This article sets out to explain the factors influencing the making of Plays for Today about Northern Ireland during the 1970s and how these partly account for the characteristics of the work that was produced. The discussion initially identifies the problems posed by filming in Northern Ireland and the managerial scrutiny to which plays dealing with the ‘troubles’ – such as Carson Country and The Legion Hall Bombing - were subject. It then goes on to examine how these factors encouraged the ‘oblique’ artistic strategies evident in Taking Leave and Your Man from Six Counties and the more self-reflexive and anti-naturalist approach adopted by Come the Revolution, Catchpenny Twist and The Last Window Cleaner. In doing so, the article aims to retrieve a largely ‘forgotten’ period of television drama production and add to our understanding of how television drama first tackled the contemporary Northern Ireland ‘troubles’.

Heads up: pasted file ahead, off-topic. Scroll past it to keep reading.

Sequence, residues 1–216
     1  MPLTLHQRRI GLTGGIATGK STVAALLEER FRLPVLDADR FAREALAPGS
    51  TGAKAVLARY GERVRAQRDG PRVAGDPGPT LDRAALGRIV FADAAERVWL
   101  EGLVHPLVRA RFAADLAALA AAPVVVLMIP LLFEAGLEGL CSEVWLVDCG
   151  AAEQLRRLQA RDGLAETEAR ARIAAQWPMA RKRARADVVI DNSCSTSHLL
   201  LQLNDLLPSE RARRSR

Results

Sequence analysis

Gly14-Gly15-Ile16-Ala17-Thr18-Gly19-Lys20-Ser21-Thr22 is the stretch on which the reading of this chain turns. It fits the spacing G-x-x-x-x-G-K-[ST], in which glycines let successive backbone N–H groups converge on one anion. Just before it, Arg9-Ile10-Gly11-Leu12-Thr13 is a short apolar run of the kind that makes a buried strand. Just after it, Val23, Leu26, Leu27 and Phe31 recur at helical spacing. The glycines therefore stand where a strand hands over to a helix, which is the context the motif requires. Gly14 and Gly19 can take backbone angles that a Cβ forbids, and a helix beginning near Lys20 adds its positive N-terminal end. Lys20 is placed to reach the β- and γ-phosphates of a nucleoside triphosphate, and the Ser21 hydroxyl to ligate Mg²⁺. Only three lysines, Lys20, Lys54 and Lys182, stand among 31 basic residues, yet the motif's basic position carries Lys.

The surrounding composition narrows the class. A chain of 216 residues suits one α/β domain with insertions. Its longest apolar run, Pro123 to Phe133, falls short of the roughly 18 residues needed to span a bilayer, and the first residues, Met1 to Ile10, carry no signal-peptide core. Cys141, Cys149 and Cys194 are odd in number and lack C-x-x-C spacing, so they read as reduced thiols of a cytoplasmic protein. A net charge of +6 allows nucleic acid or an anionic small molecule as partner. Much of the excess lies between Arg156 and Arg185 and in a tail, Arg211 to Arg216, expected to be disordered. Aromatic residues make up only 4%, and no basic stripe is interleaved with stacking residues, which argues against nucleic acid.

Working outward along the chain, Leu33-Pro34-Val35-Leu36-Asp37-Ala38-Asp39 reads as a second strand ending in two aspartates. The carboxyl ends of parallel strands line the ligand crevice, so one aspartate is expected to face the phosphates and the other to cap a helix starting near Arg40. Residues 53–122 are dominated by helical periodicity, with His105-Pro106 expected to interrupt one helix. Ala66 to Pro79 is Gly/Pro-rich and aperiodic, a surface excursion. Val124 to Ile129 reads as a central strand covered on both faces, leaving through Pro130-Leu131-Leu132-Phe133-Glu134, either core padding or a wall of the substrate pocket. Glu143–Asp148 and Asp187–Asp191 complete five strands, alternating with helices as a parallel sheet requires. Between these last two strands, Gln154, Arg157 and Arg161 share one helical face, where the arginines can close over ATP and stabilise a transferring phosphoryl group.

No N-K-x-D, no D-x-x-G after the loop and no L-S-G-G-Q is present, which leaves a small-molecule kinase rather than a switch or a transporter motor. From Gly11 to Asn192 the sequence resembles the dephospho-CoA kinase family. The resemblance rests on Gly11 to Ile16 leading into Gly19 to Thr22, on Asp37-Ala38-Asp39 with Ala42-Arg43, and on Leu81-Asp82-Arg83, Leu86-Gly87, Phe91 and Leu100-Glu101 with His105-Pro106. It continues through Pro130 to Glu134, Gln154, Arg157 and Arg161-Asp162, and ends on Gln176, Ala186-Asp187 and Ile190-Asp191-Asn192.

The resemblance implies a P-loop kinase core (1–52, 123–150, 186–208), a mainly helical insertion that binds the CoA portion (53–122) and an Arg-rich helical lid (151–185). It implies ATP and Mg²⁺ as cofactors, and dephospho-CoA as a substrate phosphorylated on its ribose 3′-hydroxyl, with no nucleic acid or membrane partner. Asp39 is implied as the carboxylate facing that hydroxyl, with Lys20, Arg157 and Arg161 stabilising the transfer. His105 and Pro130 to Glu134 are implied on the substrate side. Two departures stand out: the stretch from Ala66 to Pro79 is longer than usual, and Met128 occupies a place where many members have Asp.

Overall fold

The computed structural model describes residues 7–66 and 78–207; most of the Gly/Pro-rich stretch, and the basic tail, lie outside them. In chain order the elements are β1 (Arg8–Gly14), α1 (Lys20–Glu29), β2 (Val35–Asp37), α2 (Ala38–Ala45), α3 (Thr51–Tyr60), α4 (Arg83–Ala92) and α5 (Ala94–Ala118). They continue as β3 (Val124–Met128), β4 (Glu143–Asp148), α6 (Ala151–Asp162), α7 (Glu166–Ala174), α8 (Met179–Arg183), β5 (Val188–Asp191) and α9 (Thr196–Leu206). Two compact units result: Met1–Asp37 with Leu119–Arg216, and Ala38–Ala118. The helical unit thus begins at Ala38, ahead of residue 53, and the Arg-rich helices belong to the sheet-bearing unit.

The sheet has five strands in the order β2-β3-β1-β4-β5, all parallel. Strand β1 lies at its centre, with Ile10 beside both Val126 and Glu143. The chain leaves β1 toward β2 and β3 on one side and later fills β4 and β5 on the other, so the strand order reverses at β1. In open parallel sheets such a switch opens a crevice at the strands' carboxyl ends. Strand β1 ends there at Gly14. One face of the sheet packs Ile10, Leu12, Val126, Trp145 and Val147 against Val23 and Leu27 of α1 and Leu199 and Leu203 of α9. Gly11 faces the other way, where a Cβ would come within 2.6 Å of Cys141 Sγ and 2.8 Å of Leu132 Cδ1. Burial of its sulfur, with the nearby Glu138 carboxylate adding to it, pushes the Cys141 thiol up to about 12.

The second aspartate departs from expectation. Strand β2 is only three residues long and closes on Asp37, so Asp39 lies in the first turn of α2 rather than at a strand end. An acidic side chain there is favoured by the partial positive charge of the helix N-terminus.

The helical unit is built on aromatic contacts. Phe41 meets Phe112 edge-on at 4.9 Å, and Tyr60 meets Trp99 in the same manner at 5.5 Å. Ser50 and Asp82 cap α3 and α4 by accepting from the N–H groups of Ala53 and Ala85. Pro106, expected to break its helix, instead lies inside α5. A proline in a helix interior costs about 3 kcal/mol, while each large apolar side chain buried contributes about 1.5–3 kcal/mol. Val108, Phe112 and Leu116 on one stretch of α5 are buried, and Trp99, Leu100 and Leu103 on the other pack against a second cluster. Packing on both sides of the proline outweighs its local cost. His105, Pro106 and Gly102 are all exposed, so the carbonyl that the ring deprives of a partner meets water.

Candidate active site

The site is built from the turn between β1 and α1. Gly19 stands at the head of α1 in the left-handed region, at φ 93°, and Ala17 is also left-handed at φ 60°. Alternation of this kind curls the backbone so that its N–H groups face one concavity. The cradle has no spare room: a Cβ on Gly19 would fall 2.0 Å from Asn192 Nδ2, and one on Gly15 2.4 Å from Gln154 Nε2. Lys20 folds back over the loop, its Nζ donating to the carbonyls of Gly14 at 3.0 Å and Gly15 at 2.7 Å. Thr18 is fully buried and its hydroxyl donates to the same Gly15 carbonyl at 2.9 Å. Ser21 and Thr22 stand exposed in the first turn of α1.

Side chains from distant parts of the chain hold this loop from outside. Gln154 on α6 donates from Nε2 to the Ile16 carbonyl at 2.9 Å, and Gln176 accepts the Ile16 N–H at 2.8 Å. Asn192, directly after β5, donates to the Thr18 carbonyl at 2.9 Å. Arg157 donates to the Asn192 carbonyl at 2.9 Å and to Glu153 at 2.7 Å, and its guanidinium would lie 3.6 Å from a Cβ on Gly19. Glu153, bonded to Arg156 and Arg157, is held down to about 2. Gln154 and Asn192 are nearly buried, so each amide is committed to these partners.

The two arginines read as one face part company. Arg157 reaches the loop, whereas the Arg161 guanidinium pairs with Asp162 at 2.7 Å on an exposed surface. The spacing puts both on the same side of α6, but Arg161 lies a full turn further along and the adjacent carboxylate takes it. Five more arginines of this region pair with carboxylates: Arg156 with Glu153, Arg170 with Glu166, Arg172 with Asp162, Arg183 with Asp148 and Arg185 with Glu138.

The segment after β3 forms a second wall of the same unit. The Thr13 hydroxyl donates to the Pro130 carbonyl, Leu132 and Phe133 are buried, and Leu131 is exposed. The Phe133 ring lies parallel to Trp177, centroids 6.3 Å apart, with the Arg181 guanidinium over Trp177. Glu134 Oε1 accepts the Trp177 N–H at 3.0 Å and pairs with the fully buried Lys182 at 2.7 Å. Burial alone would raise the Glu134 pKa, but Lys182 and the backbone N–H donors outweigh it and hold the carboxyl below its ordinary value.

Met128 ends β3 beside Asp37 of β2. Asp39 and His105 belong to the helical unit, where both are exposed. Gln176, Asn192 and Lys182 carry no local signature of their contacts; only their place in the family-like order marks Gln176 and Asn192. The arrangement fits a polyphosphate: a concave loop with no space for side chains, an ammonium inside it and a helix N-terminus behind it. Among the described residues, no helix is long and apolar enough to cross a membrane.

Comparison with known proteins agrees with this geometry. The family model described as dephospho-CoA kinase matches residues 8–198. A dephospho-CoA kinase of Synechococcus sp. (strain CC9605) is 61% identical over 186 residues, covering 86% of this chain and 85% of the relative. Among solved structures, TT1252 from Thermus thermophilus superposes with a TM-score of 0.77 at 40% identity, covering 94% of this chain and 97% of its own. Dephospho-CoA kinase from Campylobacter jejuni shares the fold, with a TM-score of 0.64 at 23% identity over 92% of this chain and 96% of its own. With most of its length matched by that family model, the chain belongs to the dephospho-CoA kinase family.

|Number of pages||24|
|Journal||Journal of British Cinema and Television|
|Publication status||Published - Apr 2022|
- Play for Today
- Forgotten Television Drama
- Northern Ireland
- The Troubles